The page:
Vaccine deliveries for poor nations delayed, as EU tackles shortfall

A co-founder of the global scheme to provide vaccines for poor people said Thursday India was delaying exports of much-needed jabs, as EU leaders met for crisis talks in Brussels to try to solve supply issues on the badly-hit continent. 

The fracas around vaccines threatens to slow a global immunisation drive that is seen as the way out of the pandemic, as third waves sweep several countries and force governments to reimpose tough anti-virus restrictions.

AstraZeneca is also one of the main vaccines used in the Covax project, which supplies poorer countries with jabs, and is facing export delays in India where it is produced by the Serum Institute. 

A Gavi spokesman said the licence delays “are due to the increased demand of Covid-19 vaccines in India”.

“Covax is in talks with the government of India with a view to ensuring deliveries as quickly as possible,” the Gavi spokesman said, without giving further details.

The AstraZeneca shot was hailed as a breakthrough because it is cheaper and easier to store and transport compared with other vaccines.

EU leaders were meeting via videoconference on Thursday to discuss AstraZeneca supplies, as well as new vaccine export rules that will weigh how needy countries are in terms of infection rates, how many jabs they have, and how readily they export doses to the bloc.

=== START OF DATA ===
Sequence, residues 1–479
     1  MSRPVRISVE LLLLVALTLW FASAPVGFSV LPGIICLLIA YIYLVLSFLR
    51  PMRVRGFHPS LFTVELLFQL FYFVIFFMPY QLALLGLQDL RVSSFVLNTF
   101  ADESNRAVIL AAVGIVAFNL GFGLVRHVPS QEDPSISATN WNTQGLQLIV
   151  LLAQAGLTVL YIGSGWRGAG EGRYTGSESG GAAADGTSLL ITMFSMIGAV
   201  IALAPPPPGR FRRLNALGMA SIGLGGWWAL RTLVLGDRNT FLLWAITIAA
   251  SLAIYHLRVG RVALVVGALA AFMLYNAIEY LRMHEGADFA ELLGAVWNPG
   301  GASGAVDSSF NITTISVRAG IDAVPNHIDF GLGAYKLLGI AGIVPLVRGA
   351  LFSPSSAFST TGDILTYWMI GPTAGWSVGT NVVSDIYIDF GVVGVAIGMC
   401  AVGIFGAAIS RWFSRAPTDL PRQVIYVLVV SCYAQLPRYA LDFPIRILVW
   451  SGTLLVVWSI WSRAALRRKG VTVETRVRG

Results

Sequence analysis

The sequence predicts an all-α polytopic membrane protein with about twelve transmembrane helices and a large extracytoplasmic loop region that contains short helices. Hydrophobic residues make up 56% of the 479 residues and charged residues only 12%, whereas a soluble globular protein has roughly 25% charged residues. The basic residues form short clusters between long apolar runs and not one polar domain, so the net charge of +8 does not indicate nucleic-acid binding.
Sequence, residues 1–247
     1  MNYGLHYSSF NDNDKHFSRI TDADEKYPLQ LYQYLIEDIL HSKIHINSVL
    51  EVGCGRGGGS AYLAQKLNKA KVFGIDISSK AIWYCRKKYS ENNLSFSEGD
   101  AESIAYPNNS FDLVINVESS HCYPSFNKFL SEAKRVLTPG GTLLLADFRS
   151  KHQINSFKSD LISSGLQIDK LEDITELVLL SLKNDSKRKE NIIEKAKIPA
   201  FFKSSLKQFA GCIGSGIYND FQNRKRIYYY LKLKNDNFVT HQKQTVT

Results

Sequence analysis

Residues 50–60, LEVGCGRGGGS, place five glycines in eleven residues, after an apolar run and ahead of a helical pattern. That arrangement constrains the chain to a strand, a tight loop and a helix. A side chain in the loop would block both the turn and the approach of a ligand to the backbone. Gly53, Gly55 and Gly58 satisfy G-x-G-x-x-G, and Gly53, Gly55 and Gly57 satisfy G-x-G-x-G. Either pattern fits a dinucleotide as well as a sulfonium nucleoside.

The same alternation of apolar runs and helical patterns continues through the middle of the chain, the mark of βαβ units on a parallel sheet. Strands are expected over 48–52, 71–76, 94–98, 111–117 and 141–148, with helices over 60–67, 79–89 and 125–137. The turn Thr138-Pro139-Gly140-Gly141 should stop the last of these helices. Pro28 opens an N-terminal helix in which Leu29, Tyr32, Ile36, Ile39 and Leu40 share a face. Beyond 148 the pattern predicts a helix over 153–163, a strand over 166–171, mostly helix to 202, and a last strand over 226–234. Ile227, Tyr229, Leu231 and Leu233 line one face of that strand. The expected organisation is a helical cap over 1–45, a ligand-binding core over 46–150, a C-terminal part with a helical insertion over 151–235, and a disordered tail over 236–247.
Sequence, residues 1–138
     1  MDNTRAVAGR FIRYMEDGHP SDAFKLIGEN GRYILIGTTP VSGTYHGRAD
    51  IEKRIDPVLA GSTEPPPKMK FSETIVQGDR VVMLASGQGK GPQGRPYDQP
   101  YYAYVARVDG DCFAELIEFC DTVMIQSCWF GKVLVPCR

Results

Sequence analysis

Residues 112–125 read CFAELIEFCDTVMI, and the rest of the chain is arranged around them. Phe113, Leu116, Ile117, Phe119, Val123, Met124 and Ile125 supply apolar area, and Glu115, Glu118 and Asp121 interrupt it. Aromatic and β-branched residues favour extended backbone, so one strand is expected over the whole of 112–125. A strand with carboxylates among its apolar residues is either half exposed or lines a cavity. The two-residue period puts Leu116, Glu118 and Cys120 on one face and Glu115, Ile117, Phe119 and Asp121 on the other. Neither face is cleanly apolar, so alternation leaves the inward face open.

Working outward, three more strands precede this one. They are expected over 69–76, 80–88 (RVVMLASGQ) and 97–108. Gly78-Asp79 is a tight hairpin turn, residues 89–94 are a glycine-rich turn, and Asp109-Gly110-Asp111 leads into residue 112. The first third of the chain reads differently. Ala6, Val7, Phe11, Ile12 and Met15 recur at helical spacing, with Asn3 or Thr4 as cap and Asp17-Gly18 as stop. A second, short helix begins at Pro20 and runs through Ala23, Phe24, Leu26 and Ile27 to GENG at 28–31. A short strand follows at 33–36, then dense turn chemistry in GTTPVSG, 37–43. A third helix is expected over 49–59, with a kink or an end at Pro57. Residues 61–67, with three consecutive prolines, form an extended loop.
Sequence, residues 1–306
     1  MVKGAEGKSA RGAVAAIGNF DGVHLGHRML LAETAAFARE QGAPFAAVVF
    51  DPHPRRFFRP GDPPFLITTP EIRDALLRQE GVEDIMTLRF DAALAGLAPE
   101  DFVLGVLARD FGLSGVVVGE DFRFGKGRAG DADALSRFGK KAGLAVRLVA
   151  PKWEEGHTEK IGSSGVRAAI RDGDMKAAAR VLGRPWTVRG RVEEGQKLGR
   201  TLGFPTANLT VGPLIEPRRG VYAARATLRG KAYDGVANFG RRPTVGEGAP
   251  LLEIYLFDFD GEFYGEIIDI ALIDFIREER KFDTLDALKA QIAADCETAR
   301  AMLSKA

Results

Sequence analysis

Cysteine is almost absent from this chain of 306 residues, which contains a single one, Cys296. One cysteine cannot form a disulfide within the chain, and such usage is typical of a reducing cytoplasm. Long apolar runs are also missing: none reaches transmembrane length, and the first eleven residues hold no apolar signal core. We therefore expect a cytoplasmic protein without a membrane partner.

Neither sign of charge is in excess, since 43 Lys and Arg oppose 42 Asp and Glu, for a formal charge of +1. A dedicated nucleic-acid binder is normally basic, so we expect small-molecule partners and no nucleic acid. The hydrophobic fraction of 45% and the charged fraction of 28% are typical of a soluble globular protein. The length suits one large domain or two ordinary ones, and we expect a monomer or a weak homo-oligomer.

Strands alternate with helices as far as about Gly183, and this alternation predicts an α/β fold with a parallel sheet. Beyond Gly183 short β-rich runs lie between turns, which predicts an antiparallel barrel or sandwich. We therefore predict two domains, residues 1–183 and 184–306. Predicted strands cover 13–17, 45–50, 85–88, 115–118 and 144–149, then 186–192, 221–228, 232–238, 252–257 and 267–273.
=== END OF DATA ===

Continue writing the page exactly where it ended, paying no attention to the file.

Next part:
“Accelerating the production, delivery and deployment of vaccines remains essential and urgent to overcome the crisis. Efforts to this end must be further intensified,” the draft said.

And Ukraine on Thursday registered a record number of coronavirus deaths for the third straight day, as new infections also reached a record high.  

Mass vaccination programmes are considered vital to ending the pandemic, which has claimed more than 2.7 million lives around the world, hammered the global economy and left much of humanity under punishing restrictions.

“There was no joy. Now it’s very good. We are happy.”

Brazil’s Covid-19 death toll passed 300,000 on Wednesday, the second-highest number of fatalities in the world, with its hospitals pushed to the brink.

– ‘Bump in the road’ –

The pharma giant was forced to review its US trials and then slightly revise down the jab’s efficacy from 79 percent to 76 percent, after an American agency raised concerns about outdated information.

Where the EU vaccine rollout has stuttered, there has been huge progress elsewhere. 

And in the United States — the world’s worst-hit nation — around 70 percent of Americans aged 65 or over have received at least one dose. 

The torch relay for the Games got off to a low-key start Thursday and organisers hope it will build excitement.

“There would have been more excitement if there wasn’t coronavirus.”

You May Also Like

Leave a Reply

Your email address will not be published. Required fields are marked *